Saturday, January 21, 2006

The Book Game

Gus Van Horn and The Secular Foxhole did the Book Game lately. When I started this blog I sacrificed a bull to Jupiter and vowed never to use the word “meme.” Since I don’t want to be struck by lightning, I’ll call it the Book Game.

Number of books owned: 3-4,000

Last book bought: Don Carlos by Friedrich Schiller, adapted by Mike Poulton. Still have not read it.

Five books that mean a lot to you:

Atlas Shrugged by Ayn Rand. My favorite novel.

The Complete Works of William Shakespeare. I linked to the out of print 1936 Cambridge Edition, which has been my companion for 30 years now.

Ibsen: The Complete Major Prose Plays, translated by Rolf Fjelde. Great romantic playwright, misunderstood in the 20th century as a naturalist. He used to complain that actors played his characters too small, that they didn’t understand his characters were titans of passion in realistic settings. Chekhov, a real naturalist, understood Ibsen and complained that people don’t act like that; by his standards, they don’t. Do not read the dry 19th century translation by Archer.

Playwriting by Bernard Grebanier. Best book on the subject, now out of print. His ingenious theory of plot construction helps in the difficult process of structuring a play. But there are no silver bullets that replace hard work.

Complete Plays with Prefaces by Bernard Shaw. I paid $90 to get this out of print set used. Yes, Shaw was a Fabian socialist, but he is such a mocker that he can’t seriously espouse anything. He is just a brilliant comic observer of human nature. His characters are witty and fun.

The speech at the end of “Too True to Be Good” (1932) is, I believe, the greatest speech in 20th century drama. It is a preacher lamenting that modern philosophy has killed everything to believe in and left western civilization with nothing but skepticism. Here is the ending of the speech:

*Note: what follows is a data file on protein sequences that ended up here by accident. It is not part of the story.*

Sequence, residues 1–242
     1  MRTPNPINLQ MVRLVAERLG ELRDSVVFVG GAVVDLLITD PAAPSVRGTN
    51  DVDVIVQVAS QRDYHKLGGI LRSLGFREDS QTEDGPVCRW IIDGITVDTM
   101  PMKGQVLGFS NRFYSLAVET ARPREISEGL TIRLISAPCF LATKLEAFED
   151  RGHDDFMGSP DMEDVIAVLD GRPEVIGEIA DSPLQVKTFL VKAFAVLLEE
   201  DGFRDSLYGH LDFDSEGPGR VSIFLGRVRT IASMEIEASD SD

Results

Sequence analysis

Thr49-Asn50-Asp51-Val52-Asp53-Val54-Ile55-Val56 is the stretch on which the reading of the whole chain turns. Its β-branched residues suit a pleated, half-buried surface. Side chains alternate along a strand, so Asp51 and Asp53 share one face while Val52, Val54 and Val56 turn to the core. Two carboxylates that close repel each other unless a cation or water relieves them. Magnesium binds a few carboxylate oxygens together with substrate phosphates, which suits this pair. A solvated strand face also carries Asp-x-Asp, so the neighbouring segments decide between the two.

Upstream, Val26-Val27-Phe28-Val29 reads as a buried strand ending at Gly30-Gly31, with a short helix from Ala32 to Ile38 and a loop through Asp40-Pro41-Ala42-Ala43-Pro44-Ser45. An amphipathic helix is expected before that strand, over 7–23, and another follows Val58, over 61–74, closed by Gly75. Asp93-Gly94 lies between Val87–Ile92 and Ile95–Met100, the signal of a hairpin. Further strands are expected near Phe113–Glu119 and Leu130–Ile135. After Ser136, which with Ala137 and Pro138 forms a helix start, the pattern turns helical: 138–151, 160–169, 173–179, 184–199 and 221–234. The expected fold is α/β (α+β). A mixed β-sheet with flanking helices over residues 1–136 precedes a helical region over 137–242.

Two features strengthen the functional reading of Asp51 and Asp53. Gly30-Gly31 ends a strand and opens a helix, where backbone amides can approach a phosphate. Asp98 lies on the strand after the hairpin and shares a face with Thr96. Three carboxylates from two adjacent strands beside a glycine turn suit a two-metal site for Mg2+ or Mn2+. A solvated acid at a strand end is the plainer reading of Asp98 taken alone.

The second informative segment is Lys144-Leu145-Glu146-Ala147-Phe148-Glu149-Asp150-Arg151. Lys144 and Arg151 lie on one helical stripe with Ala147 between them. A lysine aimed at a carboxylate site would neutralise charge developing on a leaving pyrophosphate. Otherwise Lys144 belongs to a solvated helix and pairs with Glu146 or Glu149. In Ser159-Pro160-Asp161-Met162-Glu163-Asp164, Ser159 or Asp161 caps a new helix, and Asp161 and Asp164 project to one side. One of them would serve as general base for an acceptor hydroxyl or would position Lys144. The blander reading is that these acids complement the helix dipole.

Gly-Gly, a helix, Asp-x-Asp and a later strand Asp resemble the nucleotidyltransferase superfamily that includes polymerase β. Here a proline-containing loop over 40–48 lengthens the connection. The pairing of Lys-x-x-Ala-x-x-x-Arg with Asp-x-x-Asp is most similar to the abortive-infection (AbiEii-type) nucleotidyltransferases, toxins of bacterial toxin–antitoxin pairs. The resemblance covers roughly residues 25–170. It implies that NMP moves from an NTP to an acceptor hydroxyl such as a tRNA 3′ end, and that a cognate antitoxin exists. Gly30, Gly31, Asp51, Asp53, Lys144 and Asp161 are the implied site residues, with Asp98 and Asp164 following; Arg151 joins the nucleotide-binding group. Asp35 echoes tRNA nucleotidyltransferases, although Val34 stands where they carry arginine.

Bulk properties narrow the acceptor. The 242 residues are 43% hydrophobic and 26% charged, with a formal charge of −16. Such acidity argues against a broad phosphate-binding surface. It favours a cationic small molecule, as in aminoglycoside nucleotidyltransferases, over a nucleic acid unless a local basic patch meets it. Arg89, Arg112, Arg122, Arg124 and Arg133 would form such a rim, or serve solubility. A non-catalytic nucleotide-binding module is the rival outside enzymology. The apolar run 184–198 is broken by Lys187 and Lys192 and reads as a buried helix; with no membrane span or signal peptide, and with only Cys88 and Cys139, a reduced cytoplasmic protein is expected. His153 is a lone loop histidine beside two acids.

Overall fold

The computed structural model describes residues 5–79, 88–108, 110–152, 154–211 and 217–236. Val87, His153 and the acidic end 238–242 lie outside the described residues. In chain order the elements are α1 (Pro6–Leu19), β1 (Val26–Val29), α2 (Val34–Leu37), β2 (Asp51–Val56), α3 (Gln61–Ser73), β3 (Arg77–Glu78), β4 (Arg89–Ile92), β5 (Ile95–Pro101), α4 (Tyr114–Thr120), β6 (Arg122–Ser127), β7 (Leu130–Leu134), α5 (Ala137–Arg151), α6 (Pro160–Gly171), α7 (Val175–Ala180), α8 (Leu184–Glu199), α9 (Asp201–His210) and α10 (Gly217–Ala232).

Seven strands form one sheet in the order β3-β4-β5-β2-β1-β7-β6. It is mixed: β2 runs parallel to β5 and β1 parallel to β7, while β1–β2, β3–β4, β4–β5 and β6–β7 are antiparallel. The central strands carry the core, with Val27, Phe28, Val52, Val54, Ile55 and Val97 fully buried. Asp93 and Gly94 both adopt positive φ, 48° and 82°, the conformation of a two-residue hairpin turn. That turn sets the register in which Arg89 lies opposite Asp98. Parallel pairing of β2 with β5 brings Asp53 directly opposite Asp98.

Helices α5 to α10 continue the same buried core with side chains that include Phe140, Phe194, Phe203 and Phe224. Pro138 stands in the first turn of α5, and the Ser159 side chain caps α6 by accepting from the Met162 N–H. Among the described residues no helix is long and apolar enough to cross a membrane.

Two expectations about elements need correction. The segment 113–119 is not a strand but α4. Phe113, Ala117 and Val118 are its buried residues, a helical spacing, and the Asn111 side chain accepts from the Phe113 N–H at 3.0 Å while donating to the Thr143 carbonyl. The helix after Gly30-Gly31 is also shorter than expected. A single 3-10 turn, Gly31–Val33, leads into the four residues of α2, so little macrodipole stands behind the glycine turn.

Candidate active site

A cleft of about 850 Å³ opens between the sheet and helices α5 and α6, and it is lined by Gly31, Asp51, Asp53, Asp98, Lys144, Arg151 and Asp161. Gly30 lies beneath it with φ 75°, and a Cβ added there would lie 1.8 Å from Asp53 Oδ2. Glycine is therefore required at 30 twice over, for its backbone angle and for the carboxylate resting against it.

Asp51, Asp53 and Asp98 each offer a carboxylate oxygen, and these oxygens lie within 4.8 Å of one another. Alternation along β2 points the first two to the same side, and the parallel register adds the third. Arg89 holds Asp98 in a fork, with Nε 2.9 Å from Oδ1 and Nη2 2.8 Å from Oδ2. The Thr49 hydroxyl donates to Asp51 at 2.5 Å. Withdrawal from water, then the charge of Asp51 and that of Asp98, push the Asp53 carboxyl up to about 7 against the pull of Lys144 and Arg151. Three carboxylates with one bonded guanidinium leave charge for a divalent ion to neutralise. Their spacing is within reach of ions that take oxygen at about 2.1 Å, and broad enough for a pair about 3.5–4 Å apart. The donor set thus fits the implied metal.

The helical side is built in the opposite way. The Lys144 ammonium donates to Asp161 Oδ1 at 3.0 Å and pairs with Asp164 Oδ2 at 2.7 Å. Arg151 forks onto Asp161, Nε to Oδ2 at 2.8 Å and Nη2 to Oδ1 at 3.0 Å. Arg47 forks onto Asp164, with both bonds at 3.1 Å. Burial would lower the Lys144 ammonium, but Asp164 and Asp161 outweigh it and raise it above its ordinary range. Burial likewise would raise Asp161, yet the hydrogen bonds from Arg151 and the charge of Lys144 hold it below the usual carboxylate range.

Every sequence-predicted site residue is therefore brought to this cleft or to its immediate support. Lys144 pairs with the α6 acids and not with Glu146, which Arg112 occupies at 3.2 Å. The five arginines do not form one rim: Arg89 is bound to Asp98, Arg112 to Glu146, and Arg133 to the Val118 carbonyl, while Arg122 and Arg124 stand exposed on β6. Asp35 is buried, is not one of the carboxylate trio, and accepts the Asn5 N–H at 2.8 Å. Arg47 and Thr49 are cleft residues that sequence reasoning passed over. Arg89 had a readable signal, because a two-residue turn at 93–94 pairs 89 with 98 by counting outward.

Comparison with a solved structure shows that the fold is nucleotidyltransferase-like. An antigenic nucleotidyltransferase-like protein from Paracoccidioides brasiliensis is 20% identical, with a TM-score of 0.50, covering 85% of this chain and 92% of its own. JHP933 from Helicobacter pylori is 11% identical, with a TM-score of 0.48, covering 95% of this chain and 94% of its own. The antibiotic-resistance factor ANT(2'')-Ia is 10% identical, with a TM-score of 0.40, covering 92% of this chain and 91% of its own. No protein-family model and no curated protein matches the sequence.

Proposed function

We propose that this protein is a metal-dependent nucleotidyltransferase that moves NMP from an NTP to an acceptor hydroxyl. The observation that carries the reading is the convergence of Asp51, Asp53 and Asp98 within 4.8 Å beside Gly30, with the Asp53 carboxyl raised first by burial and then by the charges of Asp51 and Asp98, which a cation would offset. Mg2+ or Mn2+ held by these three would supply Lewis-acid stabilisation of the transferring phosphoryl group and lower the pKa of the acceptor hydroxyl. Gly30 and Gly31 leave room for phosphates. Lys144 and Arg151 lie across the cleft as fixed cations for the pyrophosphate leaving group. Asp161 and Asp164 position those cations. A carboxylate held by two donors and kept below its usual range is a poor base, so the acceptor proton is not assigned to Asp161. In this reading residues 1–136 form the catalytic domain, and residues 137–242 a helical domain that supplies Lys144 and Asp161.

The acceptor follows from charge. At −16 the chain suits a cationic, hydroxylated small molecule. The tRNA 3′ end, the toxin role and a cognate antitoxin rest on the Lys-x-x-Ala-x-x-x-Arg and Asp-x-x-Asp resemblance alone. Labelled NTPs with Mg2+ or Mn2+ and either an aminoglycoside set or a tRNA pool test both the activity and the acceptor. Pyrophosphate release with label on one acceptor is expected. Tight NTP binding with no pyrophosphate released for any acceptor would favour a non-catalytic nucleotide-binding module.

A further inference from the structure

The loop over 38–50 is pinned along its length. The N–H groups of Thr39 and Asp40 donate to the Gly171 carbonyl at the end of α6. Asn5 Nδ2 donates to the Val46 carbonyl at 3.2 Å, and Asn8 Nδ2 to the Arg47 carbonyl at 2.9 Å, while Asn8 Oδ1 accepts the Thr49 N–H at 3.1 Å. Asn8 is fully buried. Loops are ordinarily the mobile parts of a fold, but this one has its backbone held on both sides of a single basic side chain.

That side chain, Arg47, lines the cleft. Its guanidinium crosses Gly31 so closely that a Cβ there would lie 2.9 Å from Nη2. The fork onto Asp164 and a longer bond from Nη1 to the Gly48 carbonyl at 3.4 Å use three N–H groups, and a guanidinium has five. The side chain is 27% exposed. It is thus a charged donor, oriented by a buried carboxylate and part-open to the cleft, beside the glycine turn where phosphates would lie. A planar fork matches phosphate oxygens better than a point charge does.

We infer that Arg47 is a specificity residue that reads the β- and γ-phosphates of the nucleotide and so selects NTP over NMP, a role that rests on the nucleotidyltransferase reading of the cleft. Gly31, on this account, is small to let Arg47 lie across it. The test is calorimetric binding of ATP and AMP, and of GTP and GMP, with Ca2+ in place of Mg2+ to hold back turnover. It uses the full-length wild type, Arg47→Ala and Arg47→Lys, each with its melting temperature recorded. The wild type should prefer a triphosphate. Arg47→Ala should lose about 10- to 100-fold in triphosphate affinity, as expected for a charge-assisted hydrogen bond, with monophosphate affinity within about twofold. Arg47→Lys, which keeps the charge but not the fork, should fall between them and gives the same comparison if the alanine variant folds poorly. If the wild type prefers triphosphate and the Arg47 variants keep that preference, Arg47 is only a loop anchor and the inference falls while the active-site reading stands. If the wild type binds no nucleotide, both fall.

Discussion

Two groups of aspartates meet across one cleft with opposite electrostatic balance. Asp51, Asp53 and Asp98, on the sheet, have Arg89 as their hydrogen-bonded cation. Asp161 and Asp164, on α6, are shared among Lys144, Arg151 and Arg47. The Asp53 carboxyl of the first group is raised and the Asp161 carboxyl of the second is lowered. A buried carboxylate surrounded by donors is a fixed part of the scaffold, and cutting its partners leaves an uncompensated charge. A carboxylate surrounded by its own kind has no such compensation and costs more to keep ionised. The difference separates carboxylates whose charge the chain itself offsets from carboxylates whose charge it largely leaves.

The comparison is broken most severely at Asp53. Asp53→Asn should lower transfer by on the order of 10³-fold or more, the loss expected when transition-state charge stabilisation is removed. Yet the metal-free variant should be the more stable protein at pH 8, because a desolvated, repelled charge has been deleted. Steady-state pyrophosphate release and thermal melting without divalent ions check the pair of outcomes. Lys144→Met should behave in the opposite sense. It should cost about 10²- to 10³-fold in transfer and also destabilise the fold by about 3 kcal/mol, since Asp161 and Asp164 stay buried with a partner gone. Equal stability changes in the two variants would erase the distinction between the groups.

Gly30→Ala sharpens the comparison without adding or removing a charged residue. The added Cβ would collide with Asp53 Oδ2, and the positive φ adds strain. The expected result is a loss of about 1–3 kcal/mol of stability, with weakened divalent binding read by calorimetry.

No: I must have affirmations to preach. Without them the young will not listen to me; for even the young grow tired of denials. The negative-monger falls before the soldiers, the men of action, the fighters, strong in the old uncompromising affirmations which give them status, duties, certainty of consequences; so that the pugnacious spirit of man in them can reach out and strike death-blows with steadfastly closed minds. Their way is straight and sure; but it is the way of death; and the preacher must preach the way of life. [A white sea fog swirls up from the beach to his feet, rising and thickening around him]. I am ignorant: I have lost my nerve and am intimidated: all I know is that I must find the way of life, for myself and all of us, or we shall surely perish. And meanwhile my gift has possession of
me: I must preach and preach and preach no matter how late the hour and how short the day, no matter whether I have nothing to say --

The fog has enveloped him; the gap with its grottoes is lost to sight; the ponderous
stones are wisps of shifting white cloud; there is left only fog: impenetrable fog; but the incorrigible preacher will not be denied his peroration, which, could we only hear it distinctly, would probably run --

-- or whether in some pentecostal flame of revelation the Spirit will descend on me
and inspire me with a message the sound whereof shall go out unto all lands and realize for us at last the Kingdom and the Power and the Glory for ever and ever. Amen.

In a world in which modern philosophy has destroyed all absolutes, the mystic is left hoping for a revelation. Neither Shaw nor his character could conceive a better solution to the west’s predicament. (Historically this pendulum swing from skepticism to faith has happened time and again, in the Hellenic age, the Renaissance and now.) It’s philosophically flawed, but one does not read Shaw to learn philosophy. The portrait of a man struggling to find the way of life even though it is impossible is dramatically moving; it’s the best one could hope for in 1932.

UPDATE: I forgot Last Book Read: On the Razzle by Tom Stoppard. Hilarious farce.

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